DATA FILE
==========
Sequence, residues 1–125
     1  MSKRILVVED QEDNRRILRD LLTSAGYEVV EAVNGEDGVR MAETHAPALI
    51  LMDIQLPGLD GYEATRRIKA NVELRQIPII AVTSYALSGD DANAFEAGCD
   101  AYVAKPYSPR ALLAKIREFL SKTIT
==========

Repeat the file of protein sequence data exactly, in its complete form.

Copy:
Sequence, residues 1–125
     1  MSKRILVVED QEDNRRILRD LLTSAGYEVV EAVNGEDGVR MAETHAPALI
    51  LMDIQLPGLD GYEATRRIKA NVELRQIPII AVTSYALSGD DANAFEAGCD
   101  AYVAKPYSPR ALLAKIREFL SKTIT